Seven contemporary artworks have been chosen to be installed as part of a Kingston sculpture trail opening in mid-August.
An open call was put out earlier this year for artists to submit their ideas and all of the sculptures will feature in publicly accessible spaces for three months and one will be chosen by the public to remain in the centre of Kingston.
The winning artworks were selected by a distinguished panel chaired by David Mach, made up of young people, the Mayor of Kingston Councillor Sushila Abraham and representatives from Kingston University.
The panel met at the end of May to decide on a shortlist out of over 40 submissions.
The criteria were to challenge and interest people in Kingston and be able to work outside in spaces within the town centre.
The artists were asked to consider where the pieces might work best in the town and make sure they could be sustained in the public domain for a number of months, potentially longer if one is chosen by the public to remain permanently.
Kingston First, one of the organizing forces behind the sculpture trail along with Canbury Community Trust, Kingston Council and Kingston University spoke to SWL about the winning submissions.
CEO Kirsten Henly said: “We’ve got a really great array of artists. Some have showcased their work internationally, and we’ve also got folks from Surrey, and we’ve got someone from Kingston University as well.
“So, we’ve got local, we’ve got regional, and we’ve got internationally celebrated artists which is great.
“There’s a whole different this different kind of meanings behind each of the pieces. There’s different kind of materials and they’re all different sizes.
“I think it’s going to be really interesting to see them in their settings nd I think that will all add to people’s experiences of them as well.”
South West Londoner caught up with some of the winning artists to talk to them about their work and what it means to them to have their work on public display in the riverside town.
Alex R T Davies MRSS has two sculptures as part of the trail, ‘The Kiss’ and ‘Party Animal’ and told SWL: “I’m over the moon about it. To get selected for anything, but especially by a selection committee like that is amazing. It’s still a bit of a haze at the moment.
“I only heard about it from the Royal Society of Sculptors the week before. My workshop and studio are not far from Kingston, and I have sort of grown up in and around the Surrey area anyway. So, I thought it’d be great to have something there.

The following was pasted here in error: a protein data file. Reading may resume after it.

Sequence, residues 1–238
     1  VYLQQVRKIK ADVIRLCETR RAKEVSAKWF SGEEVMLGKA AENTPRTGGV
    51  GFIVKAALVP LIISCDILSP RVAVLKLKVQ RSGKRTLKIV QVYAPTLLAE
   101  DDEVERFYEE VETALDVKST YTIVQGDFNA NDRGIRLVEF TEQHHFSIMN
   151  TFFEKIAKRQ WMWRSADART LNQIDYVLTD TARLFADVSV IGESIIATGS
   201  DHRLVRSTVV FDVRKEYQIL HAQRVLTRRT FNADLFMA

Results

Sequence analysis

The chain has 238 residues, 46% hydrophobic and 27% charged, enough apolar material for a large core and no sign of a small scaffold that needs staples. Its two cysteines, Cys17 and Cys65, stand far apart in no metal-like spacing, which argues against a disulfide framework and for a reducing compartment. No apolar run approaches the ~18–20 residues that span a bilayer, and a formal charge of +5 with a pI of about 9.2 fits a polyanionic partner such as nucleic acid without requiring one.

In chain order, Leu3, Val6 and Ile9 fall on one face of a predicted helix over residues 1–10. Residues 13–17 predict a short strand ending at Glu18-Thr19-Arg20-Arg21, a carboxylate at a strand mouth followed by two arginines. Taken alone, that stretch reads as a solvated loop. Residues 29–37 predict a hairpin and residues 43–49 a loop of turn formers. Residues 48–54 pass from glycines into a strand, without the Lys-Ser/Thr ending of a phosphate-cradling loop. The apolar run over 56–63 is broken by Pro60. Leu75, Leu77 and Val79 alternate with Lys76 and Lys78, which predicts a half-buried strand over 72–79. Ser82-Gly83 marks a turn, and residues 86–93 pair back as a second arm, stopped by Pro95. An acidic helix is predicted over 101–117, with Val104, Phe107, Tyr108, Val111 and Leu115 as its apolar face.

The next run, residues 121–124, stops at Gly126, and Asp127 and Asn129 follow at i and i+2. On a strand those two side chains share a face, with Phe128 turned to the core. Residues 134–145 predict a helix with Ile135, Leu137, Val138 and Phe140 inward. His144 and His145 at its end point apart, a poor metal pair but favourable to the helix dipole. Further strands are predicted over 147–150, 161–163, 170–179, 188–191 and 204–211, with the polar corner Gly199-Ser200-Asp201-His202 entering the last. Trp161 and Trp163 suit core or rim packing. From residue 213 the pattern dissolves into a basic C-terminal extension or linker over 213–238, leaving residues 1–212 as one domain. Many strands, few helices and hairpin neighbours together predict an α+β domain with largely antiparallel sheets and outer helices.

“The telephone boxes have always been there in the background of my mind every time as a child going to Kingston and seeing them. They’re probably one of the first bits of contemporary sculpture that I ever saw really.
“Kingston is the big town I had various connections with growing up, from being dragged to go shopping by my mother to then my teenage years and the odd night out there, right up to my first job, working in a dry cleaners’ there. Now I drag my kids shopping there. It’s coming full circle.
“It’s amazing to actually have something that’s local to me and to get some sculpture out in the public eye as well. It’s not really something that I’ve had in my own work.
“I’ve been in various exhibitions and sculpture parks, but this is the sort of artwork that is really going to be out in the public.”
‘The Kiss’ and ‘Party Animal’ are both made of bronze and part of a series of sculptures titled ‘Unwanted Monuments’.
In ‘The Kiss’ two bronze street cones ‘kiss’ inspired by Rodin and Constantin Brâncuși’s piece of the same name
In ‘Party Animal’, a bronze goat sculpture stands proudly with a street cone on its back and the public is invited to touch and sit on the piece.
Roger Clarke MRSS, a senior lecturer in Fine Art at Bath School of Art, has sculpted another of the winning submissions, ‘Kingston Spinning Sculpture’, a colourful piece that invites viewers to physically spin it.
Clarke said: “To me this is kind of new beginning for the sculpture. You know even though it could have always stayed in the two other locations where it was over the last few years, I want a new life for it.